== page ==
5. Typically after an El Niño event there is a La Niña event. The alarmists and alarmists will use this Niño to hype up the global warming hysteria and temperatures might even reach 1998 levels. What they are missing however is this, all that heat energy is going to leave the ocean and power these storms worldwide. So what goes up must also come down and with the drop in solar activity I think the winter of 2017-2018 will be quite severe. Temperatures could be as much as 4C lower than what is going to happen this winter. People should enjoy this El Niño because after its done we fall off a cliff.

  6. The MEI index for May/June is up to 2.06. See
    This does look like it will be quite a strong El Nino. It should strengthen more yet in June/July given the cyclones and hurricanes that have recently occurred in the Coral sea and Philippines, China etc. But it may not produce the same weather patterns as the 1997/98 El Nino because the jet streams are now very different to what they were like back then.

  7. With weakening and shifting poles added to a weakening sun and solar winds things are going to take a sudden turn for the worst very soon.

    Based on the writings of people much better educated and informed than I, the shift may happen on night as we sleep. We wake up to a long hard snow storm of butt kicking cold that hangs on.

    What ever happens it’s going to happen soon and be very hard to live through.

    Remember we are in the right time and cycle for the 11,500 ice age to begin raising it’s ugly head. That one lasts much longer than 30 to 50 years. Think hundreds or even thousands.

    That is the one I’m hoping we miss in my lifetime.

  8. Tropical storms forming off the western Mexican coast are able to move further north and east due to El Nino as water temperatures off California are warming up. We just had a tropical storm dump record amounts of water into southern California in July. A real rarity. August and September should be interesting as its the height of the hurricane season in the eastern pacific. Hopefully this winter will be a banner year for rain in California, as we need it badly despite the potential for disastrous floods.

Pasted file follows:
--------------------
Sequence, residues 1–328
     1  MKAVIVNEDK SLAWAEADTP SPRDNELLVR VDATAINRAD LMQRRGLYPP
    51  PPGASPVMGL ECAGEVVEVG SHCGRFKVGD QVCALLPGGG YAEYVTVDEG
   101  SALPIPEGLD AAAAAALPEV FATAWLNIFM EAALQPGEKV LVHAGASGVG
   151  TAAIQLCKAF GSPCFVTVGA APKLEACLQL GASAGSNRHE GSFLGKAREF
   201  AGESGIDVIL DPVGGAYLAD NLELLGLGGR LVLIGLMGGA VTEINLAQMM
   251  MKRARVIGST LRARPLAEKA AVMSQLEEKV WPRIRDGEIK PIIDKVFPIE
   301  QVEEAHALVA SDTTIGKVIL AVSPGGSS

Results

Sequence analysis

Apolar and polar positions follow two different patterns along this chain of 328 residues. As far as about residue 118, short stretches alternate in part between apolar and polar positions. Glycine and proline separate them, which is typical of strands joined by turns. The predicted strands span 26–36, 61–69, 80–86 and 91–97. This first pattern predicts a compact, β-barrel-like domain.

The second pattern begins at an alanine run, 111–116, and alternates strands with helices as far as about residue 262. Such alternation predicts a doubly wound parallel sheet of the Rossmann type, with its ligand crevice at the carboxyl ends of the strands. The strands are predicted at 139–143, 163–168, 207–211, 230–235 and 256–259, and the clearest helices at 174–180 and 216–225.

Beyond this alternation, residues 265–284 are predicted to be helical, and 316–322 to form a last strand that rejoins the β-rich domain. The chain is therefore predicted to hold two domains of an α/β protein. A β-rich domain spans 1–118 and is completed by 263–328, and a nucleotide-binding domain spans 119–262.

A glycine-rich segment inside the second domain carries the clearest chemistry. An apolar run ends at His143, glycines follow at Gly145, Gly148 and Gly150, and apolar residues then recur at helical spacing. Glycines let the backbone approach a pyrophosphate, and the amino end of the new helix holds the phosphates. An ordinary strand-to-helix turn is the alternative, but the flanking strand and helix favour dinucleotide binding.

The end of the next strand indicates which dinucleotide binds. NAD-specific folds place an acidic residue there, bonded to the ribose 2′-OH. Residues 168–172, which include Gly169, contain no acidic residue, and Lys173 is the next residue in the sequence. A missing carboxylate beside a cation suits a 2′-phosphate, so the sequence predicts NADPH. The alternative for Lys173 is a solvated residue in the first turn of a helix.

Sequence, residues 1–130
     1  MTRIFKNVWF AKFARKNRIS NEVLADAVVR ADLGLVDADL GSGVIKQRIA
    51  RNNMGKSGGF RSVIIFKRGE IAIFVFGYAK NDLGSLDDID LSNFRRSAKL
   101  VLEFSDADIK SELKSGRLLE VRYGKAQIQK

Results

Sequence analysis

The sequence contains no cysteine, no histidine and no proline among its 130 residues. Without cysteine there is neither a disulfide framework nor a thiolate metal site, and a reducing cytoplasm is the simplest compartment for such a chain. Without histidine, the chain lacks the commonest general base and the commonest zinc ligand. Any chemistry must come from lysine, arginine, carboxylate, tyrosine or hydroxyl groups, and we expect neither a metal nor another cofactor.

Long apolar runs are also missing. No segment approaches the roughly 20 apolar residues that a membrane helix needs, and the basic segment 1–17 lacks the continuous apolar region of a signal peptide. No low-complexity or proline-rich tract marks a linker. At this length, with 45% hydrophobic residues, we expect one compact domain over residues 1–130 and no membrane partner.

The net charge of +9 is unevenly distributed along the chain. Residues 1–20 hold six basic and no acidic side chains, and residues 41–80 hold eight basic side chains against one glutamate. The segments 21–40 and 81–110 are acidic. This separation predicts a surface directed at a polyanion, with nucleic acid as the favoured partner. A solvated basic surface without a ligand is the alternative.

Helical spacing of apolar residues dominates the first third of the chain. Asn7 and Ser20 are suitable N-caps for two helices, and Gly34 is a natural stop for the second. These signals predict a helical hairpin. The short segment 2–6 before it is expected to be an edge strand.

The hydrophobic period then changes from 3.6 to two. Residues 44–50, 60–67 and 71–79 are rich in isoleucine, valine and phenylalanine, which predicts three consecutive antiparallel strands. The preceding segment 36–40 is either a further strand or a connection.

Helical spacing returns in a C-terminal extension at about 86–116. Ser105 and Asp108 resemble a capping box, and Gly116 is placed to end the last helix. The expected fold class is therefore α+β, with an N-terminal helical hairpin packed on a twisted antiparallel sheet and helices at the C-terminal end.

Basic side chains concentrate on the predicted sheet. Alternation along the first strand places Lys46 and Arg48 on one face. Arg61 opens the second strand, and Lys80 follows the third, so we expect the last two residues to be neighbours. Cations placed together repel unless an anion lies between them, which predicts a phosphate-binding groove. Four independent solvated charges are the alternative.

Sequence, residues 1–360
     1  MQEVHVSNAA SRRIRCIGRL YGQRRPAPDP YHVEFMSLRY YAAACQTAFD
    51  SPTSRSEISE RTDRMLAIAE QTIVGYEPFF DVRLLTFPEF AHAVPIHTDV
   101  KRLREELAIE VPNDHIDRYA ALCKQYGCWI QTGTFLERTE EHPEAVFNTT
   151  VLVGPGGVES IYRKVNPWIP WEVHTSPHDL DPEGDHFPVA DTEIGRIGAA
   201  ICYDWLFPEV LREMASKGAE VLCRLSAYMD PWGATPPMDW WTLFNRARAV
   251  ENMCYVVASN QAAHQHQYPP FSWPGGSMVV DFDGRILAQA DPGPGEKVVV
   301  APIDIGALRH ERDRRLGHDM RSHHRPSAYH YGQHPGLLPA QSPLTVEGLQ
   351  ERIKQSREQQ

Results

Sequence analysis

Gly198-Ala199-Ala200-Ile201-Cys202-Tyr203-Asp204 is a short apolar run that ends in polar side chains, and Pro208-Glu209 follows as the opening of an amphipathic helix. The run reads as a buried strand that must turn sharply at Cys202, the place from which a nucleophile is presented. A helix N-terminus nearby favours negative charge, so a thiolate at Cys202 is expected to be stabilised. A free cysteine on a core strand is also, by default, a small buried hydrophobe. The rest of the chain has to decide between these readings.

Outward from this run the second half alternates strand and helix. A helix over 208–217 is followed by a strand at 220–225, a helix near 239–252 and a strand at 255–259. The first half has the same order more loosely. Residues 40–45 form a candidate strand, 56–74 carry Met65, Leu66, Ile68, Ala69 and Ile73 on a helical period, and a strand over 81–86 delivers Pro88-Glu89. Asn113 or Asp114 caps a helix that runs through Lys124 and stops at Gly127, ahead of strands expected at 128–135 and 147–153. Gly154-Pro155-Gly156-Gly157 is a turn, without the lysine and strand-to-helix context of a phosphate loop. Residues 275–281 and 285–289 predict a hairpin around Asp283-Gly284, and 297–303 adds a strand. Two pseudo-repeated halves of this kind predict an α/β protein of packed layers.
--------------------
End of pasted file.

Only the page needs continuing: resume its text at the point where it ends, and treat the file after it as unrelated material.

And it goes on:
9. the ENSO widget @ WUWT just tipped over the+1.5
    when Aus got the reverse version the -1.5 we had floods all over aus.. and that tornado off qld.
    PLENTY of warning to get the act together!
    if ANY local govt state govt etc has NOT already dredged n tidied up the exposed waterways and drains etc..they should be open for legal action for negligence..and smart rural folks should also be preparing for flooding, make sandbags now, try and sort out off ground storage for haybales etc etc
    and from this I know Aus is going to be lucky to get much more rain this winter:-( not good for those already semidroughted up nth

  10. I live in the lower foothills to the Sierra Nevada Mountains, about 30 miles north of Fresno, California. We desperately need rain this coming winter, but more to the point, we need a large snow pack in the mountains. No rain, no snow, no water in the reservoirs and for the crops that California grows and ships all over the U.S.

    • Same here in the Puget Sound area. We lost all of our snowpack early on. The ski hills couldn’t open for most of the winter. We’re definitely in drought up here as well. It’s spooky.

  11. El nino will likely kick the global avg temps up a bit and also will give the bearded bicyclists something to get their teeth into, as they’ve been desperately waiting for a wee upturn in temps the last 20 years.

  12. that’s kind of a bad analog year. This winter we will likely see extreme snowfalls and some very cold temperatures – since it’s much colder now than it was back in 1997/98. So convert that rain we had in 1998 to snow this winter – and you get the picture of how much record breaking snowfall we might get. It’s a whole lot different now than it was back then – totally different. We’re in the cold phase now with much lower solar activity – which brings with it large north to south swings in the polar jet stream (and very cold temps) – so expect record breaking snowfall this winter in many areas. Could be similar to 09/10 except more snowfall.

  13. How do you factor in the current position of the jet stream over North America vs. the building El Niño?